Tuesday, October 30, 2012

Fajitas Night!

Since John had a business trip in Orlando, we took the opportunity to make it a long weekend and visit family. This weekend was a lot of fun, including catching up with friends and spending a day at Universal/Islands of Adventure! I am also using this time to meet with the company down here that is helping design the website for my new company. 

Due to our busy yet fun schedules, today's post is a quick recipe of a meal John and I had recently: Fajitas!

Steak Fajitas and Guacamole

Serves 4
1 pound of skirt or flank steak
1 large bell pepper, sliced
1 onion, sliced or diced
3/4 cup sliced mushrooms
Cayenne pepper, to taste
1 garlic clove, minced
1 Tbsp. olive oil
Sour cream
Shredded lettuce

Juice of 1 orange
Juice of 1 lime
1 jalapeno, chopped
1 garlic clove, minced
1 Tbsp. olive oil

1 avocado
1/2 red onion, minced
1 jalapeno, diced
1 Tbsp. cilantro, chopped
1 Tbsp. lime juice
1/2 tomato, chopped
Ground black pepper and sea salt to taste
Corn chips

  1. Combine marinade ingredients and blend together in a food processor. Place steak in a freezer bag and pour marinade ingredients over it. Keep refrigerated for two hours.
  2. To prepare guacamole, remove seed and peel from avocado and roughly mash it with a fork. (Keep it a little chunky.) Add in remaining ingredients and gently mix together. Cover with plastic wrap and keep in refrigerator until ready.
  3. Heat olive oil in a pan over low heat, and add onion and garlic. 
  4. While onions are caramelizing, grill steak according to desired doneness.
  5. When steak is finished and while it is resting, add in remaining vegetables and cayenne pepper to onion mix, turning heat to medium. Cook vegetables for about 5 minutes. Remove from heat.
  6. Cut steak against the grain into strips. 
  7. Prepare fajitas to liking, adding desired toppings. Serve with guacamole. Enjoy!

Friday, October 26, 2012

Pumpkin Recipe Round-up

'Tis the season for all things pumpkin!

To send you off into your weekend on a fall note, here is my roundup of pumpkin recipes featured on BeEmbraced.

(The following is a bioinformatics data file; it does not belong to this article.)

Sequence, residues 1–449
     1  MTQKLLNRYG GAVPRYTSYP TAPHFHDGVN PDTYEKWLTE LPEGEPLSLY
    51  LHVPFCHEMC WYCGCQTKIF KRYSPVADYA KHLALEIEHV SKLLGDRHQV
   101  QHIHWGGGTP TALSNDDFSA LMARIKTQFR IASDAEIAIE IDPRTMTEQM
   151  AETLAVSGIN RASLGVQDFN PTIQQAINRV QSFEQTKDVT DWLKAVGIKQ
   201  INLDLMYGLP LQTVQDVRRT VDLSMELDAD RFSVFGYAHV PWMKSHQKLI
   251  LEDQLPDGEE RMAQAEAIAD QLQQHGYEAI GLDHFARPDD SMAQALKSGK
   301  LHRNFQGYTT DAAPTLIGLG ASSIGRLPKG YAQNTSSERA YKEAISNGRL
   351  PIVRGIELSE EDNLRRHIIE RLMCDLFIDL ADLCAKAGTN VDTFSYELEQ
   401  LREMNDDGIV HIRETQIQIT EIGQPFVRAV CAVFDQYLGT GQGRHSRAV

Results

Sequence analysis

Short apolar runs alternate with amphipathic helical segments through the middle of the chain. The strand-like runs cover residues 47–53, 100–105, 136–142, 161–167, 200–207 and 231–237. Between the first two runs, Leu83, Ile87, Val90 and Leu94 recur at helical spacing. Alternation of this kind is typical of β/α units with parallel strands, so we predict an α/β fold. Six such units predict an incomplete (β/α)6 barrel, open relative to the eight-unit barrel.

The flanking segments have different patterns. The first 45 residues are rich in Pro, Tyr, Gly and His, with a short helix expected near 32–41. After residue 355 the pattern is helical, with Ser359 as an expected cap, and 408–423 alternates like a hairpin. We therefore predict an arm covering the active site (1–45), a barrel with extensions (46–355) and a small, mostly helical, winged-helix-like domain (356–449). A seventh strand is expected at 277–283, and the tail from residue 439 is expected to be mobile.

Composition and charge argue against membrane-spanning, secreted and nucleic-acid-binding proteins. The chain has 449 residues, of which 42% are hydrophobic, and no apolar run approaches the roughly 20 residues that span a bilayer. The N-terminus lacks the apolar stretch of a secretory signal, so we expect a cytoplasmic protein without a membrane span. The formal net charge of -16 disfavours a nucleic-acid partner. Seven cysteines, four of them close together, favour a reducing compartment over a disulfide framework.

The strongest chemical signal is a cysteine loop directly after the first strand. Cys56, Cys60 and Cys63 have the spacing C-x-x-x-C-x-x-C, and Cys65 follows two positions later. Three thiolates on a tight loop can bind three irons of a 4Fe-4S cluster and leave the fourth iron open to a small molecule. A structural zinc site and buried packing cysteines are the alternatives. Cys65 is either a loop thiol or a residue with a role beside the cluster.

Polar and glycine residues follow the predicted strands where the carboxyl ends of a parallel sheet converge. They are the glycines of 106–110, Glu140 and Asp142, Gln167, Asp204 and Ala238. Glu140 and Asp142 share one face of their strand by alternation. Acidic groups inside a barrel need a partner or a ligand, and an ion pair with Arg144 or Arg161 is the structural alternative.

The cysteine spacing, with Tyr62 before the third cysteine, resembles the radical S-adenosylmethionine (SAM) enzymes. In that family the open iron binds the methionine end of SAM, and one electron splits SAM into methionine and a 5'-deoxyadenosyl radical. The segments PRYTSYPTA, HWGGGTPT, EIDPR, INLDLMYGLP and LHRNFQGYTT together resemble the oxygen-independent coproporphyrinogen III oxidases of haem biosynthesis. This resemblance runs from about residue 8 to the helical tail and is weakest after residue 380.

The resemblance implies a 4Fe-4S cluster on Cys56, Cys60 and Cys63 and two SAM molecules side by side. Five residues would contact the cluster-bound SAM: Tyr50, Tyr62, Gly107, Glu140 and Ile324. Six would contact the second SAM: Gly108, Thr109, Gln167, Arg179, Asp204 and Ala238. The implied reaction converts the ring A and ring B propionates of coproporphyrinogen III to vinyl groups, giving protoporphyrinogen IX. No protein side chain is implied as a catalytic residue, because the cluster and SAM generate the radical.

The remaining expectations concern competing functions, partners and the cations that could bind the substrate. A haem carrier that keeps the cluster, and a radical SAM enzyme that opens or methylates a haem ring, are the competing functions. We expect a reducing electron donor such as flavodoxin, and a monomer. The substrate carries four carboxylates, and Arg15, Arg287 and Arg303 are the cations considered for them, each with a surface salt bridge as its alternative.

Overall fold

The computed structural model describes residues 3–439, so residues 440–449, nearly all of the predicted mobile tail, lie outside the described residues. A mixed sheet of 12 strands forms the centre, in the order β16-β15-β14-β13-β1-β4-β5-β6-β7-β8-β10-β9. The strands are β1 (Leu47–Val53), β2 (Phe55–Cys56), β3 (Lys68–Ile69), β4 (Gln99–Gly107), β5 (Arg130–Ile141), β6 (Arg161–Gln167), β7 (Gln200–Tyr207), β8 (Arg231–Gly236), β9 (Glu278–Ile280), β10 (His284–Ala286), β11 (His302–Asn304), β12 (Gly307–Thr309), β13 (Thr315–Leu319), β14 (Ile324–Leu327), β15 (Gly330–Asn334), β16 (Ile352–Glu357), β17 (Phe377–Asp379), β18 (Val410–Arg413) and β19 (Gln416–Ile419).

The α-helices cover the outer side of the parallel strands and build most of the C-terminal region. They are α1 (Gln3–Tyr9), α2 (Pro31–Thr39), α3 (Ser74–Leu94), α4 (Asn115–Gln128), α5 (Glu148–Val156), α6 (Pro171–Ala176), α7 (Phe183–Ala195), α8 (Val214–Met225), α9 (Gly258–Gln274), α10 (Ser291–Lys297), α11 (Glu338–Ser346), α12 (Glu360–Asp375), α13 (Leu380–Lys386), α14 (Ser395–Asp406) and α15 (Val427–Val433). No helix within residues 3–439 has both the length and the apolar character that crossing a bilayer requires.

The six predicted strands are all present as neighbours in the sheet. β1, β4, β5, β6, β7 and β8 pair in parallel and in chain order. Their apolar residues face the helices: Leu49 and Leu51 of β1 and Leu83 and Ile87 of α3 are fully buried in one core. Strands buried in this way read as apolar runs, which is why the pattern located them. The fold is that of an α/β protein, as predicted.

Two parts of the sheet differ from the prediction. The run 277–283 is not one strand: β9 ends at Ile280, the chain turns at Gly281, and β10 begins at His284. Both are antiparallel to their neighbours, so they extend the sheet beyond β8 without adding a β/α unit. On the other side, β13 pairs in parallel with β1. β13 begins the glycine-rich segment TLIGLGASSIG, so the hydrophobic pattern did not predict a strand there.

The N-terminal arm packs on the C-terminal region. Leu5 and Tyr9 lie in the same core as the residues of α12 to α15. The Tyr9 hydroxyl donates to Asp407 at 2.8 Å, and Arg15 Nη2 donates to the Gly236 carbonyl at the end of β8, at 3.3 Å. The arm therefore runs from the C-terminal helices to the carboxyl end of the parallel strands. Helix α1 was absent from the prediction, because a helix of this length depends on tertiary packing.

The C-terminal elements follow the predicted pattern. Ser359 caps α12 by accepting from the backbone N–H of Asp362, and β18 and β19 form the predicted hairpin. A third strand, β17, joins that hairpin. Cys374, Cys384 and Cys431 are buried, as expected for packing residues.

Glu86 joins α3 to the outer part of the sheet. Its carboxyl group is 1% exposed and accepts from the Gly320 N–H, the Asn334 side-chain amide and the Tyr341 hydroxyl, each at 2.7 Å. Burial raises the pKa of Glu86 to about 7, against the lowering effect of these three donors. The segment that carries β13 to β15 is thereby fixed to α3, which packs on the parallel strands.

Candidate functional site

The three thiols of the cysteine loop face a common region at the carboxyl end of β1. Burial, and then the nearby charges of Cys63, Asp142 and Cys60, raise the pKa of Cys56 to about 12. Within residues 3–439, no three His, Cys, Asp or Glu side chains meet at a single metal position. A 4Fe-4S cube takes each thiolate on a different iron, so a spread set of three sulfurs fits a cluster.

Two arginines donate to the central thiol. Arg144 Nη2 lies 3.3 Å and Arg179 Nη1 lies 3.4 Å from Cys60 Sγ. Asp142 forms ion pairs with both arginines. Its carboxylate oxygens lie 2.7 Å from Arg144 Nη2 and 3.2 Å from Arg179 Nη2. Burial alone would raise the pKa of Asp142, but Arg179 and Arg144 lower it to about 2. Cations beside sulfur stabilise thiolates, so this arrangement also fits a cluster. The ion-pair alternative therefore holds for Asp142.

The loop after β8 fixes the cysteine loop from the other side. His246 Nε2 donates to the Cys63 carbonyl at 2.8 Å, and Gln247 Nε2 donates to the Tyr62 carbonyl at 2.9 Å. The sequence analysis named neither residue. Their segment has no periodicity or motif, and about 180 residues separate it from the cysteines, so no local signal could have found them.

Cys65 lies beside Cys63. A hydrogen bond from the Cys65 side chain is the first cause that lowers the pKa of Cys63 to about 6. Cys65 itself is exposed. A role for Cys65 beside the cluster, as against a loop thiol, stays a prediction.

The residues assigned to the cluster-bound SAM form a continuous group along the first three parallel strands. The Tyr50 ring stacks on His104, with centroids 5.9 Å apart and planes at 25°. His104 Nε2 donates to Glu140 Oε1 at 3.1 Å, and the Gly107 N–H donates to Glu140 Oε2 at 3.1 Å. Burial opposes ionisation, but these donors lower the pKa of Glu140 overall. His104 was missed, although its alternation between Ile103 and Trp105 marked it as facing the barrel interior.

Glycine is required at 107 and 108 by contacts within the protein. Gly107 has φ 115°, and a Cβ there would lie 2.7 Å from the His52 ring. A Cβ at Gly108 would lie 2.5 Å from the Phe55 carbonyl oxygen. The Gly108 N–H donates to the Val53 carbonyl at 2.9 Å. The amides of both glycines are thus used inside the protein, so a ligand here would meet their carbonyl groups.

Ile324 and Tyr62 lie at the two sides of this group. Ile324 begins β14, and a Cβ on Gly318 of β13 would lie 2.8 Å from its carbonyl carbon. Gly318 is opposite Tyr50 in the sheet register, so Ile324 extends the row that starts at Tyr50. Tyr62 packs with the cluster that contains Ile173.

And as an extra special treat, I've included a delicious pumpkin square recipe (gluten free of course). I made these when we were having someone over for dinner, and by the end of the night we had devoured all of them. (John had seven, which is evidence that the vegan/gluten free quality didn't get in the way of taste!)

Pumpkin & Chocolate Chip Squares, inspired by Shape Magazine

1/2 cup gluten free all purpose flour (such as Bob's Red Mill brand)
1/2 tsp. xanthum gum
1 tsp. cinnamon
1/4 tsp. nutmeg
1/2 tsp. baking powder
1/4 tsp. baking soda
1/4 tsp. salt
5 Tbsp. brown sugar
1/2 cup canned pumpkin
2 Tbsp. almond milk
2 Tbsp. canola oil
1/2 tsp. pure vanilla extra
1/2 cup chocolate chips

  1. Preheat oven to 350 degrees, and lightly coat 8x8 pan with cooking spray.
  2. Combine dry ingredients, then add in wet.
  3. Pour mixture into pan and spread until even.
  4. Cook for 20 minutes... or I cooked them 17 minutes and they came out deliciously gooey! 

Pumpkin Recipe Roundup 
Pumpkin Muffins (gluten free)
Pumpkin Peanut Butter Oatmeal
Pumpkin and Chicken Black Bean Soup
Sweet Potato and Black Bean Soup
Pumpkin Protein Cookies (gluten free)

If you're in search of other pumpkin recipes, head on over to my BeEmbraced Nosh & Kitchen Pinterest page... probably half of the recipes I've pinned feature pumpkin!

Thursday, October 25, 2012

A mindful habit

I've recently picked up a new habit, and it's not my fault.

I hold responsible the view out my window - a dogwood turning to shades of cinnamon and crimson - and the perfect, sunny 75 degree days. Both of these beckon me onto the porch, so that I now crave sitting in the rocking chair and reading a book in the afternoons.

Now I didn't say this was a bad habit, but any habit is something you do mindlessly. Automatically. Without pausing and giving thanks.

The book I am currently reading, Creative Nonfiction, explains how to write a book and states, "Every good story contains a moment after which things can never be the same again. A moment of profound change..."

What moment in your life has profoundly changed you?

I thought back to the passage I read in Luke that morning, when the women began preparing spices and ointments for Christ in the tomb. Then "on the Sabbath they rested according to the commandment." The crucifixion moment had not (yet) altered their life. They continued on with life as usual, following their schedule.

Instead, it is their discovery of the empty tomb that becomes their "moment." And in their excitement, they could not help but tell others. The moment that profoundly changes life going forward is the resurrection and Christ reappearing in physical form. Everything is altered. And God's people cannot help but worship with great joy and be "continually in the temple blessing God" (Luke 24:50).

The book of Luke ends at this defining moment.

And it is here that I want the story to continue with me, rejoicing in the Lord always; "again, I will say, Rejoice" (Phil. 4:4). Sitting on the porch and reading a book, or even folding clothes and washing dishes, I want to mindfully give thanks. Will you join me?